PrEPVacc is an international, multi-centre, double-blind vaccine study comparing experimental combination vaccine regimens including DNA/AIDSVAX BE and DNA/CN54gp140 with placebo control. Simultaneously, daily oral PrEP is compared for efficacy against daily Truvada in the context of the current PrEP availability situation at the study sites. An important clinical trial outcome is the accurate measurement of in vivo antibody titer induced through vaccination. Here we report the validation of two ELISAs for CN54gp140 and AIDSVAX BE at Uganda Virus Research Institute that demonstrates precision, specificity, and robustness for assessing the reciprocal antibody end point titer in human serum. This is a critical endpoint for determining whether vaccination can provide any protection against HIV in populations at risk of acquiring HIV.
Dalel J, Ung SK, Hayes P, et al., 2021, HIV-1 infection and the lack of viral control are associated with greater expression of interleukin-21 receptor on CD8(+) T cells, AIDS, Vol: 35, Pages: 1167-1177, ISSN: 0269-9370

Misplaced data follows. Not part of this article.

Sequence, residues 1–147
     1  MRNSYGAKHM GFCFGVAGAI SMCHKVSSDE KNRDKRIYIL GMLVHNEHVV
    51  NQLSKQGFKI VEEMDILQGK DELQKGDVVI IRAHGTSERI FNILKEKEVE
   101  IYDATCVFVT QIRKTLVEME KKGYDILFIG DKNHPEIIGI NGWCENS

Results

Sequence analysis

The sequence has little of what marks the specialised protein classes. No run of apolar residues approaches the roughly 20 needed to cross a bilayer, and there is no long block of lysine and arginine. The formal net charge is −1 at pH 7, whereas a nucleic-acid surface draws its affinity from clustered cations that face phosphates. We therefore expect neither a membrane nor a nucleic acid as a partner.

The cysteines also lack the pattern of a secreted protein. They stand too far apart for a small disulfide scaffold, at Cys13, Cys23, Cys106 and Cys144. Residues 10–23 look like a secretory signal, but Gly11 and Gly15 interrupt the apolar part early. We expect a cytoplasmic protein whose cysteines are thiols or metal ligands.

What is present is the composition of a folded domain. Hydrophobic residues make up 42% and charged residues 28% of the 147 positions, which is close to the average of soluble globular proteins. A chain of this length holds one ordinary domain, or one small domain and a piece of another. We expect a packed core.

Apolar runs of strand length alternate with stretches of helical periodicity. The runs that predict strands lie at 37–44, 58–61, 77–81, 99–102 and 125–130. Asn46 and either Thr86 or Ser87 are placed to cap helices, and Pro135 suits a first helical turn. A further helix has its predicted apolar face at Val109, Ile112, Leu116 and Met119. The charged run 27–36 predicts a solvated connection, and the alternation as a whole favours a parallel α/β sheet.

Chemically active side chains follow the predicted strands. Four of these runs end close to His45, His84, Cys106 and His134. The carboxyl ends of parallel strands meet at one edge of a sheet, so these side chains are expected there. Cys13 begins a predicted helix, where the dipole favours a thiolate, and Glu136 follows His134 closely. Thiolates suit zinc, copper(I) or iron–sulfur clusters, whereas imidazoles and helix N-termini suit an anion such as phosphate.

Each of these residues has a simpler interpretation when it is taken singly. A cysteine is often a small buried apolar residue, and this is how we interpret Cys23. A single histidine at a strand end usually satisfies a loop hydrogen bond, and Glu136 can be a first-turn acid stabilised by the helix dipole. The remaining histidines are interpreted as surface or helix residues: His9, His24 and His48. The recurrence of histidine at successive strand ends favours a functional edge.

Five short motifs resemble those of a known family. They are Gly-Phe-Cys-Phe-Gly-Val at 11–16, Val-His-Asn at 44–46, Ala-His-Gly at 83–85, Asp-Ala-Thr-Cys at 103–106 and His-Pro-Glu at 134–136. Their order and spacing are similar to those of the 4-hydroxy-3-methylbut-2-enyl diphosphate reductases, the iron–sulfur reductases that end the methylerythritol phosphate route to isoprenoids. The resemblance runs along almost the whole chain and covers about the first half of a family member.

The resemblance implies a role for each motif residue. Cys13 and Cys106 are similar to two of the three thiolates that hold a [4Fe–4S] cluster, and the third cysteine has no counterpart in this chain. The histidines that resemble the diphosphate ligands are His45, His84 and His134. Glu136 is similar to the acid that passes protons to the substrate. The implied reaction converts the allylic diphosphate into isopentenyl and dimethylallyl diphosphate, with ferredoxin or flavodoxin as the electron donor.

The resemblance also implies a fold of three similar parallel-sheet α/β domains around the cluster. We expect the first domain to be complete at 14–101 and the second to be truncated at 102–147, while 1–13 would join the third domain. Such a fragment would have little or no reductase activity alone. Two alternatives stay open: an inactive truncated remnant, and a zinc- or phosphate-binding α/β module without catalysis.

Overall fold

Objectives: Interleukin-21 (IL-21) has been linked with the generation of virus-specific memory CD8+ T cells following acute infection with HIV-1 and reduced exhaustion of CD8+ T cells. IL-21 has also been implicated in the promotion of CD8+ T-cell effector functions during viral infection. Little is known about the expression of interleukin-21 receptor (IL-21R) during HIV-1 infection or its role in HIV-1-specific CD8+ T-cell maintenance and subsequent viral control.Methods: We compared levels of IL-21R expression on total and memory subsets of CD8+ T cells from HIV-1-negative and HIV-1-positive donors. We also measured IL-21R on antigen-specific CD8+ T cells in volunteers who were positive for HIV-1 and had cytomegalovirus-responding T cells. Finally, we quantified plasma IL-21 in treatment-naive HIV-1-positive individuals and compared this with IL-21R expression.Results: IL-21R expression was significantly higher on CD8+ T cells (P = 0.0256), and on central memory (P = 0.0055) and effector memory (P = 0.0487) CD8+ T-cell subsets from HIV-1-positive individuals relative to HIV-1-negative individuals. For those infected with HIV-1, the levels of IL-21R expression on HIV-1-specific CD8+ T cells correlated significantly with visit viral load (r = 0.6667, P = 0.0152, n = 13) and inversely correlated with plasma IL-21 (r = −0.6273, P = 0.0440, n = 11). Lastly, CD8+ T cells from individuals with lower set point viral load who demonstrated better viral control had the lowest levels of IL-21R expression and highest levels of plasma IL-21.Conclusion: Our data demonstrates significant associations between IL-21R expression on peripheral CD8+ T cells and viral load, as well as disease trajectory. This suggests that the IL-21 receptor could be a novel marker of CD8+ T-cell dysfunction during HIV-1 infection.